Have you heard of “Wakie”? It’s a new app – and oh it’s a good one.
You register for a wakeup call, and another app user, looking to be of service (maybe?) calls you. Think of it as Uber for people with lots of energy, need for attention or just straight up practical joke delivery.
My brother – who shares nearly the exact sense of humor as me – was probably user #58 and purposely set an alarm three minutes after his download so that a complete stranger could call him and scream “BEEE-DOH-BEEE-DOH-BEEE-DOH” into his ear.
I’ll pause while you Despicable Me fans digest that.
Tonight I got a random phone call from an organization that introduced themselves as “We Care”. It was a three-way call from my husband and my brother after I sent a very vulgar text message clearly spelling out my status of “doneness” before admitting to hurling a sippy cup full of orange juice against the wall.
Why did I commit such atrocities? Because first, I knew it wouldn’t actually break and second, watching it splat everywhere in my white kitchen safely after my kids had been threatened into the garage to the waiting minivan was supremely satisfying.
Satisfying for exactly 3 seconds.
Have you ever tried to get three children into a mini van? If you think it’s easy, I will pay you for lessons. But it doesn’t justify breaking tupperwear.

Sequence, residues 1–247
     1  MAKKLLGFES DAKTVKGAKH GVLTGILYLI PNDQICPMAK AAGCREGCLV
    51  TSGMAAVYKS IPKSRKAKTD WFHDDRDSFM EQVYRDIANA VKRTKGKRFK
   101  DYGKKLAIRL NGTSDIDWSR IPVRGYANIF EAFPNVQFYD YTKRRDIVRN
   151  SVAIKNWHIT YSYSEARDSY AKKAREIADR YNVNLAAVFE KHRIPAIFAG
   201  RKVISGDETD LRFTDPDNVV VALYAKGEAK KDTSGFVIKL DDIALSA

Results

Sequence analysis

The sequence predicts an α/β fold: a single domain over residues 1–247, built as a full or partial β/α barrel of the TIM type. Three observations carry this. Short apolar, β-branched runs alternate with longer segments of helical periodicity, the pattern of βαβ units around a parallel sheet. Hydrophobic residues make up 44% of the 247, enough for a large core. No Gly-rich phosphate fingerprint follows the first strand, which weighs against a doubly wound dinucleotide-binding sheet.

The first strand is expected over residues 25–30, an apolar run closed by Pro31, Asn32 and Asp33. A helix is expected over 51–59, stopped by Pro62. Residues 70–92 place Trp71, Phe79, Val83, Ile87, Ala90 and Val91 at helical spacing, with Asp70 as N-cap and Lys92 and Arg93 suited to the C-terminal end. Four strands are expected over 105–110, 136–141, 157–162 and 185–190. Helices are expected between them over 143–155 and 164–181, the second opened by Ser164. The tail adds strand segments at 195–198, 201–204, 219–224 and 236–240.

Let me rephrase that? Have you ever tried to herd three children into a mini-van… one with ALL of her piano books… one who cannot find her sippy cup, no not that sippy cup, the other one with the other milk…. but no not that cup because that cup is yukky, and a third who has to go potty, but by potty he means, “change my pants socks and shoes because I already went while hiding in the third seat of the mini van.”
Now do that roughly ten times a day. Pickup, drop for ballet, grab a meal, errands, speech, gymnastics, gymnastics #2, and church. By time number ten, after they’ve all come home from school and destroyed my house in less than 15 minutes, I’m spent. Every.freaking.cent.
I don’t speak toddler. I don’t reason in toddler. No habla todleros. And I get even angrier when the “big girl” doesn’t have a PhD in empathy for exactly how frustrated I am and brings her own demands to the table. And that’s how the “other” sippycup with the orange juice met it’s demise.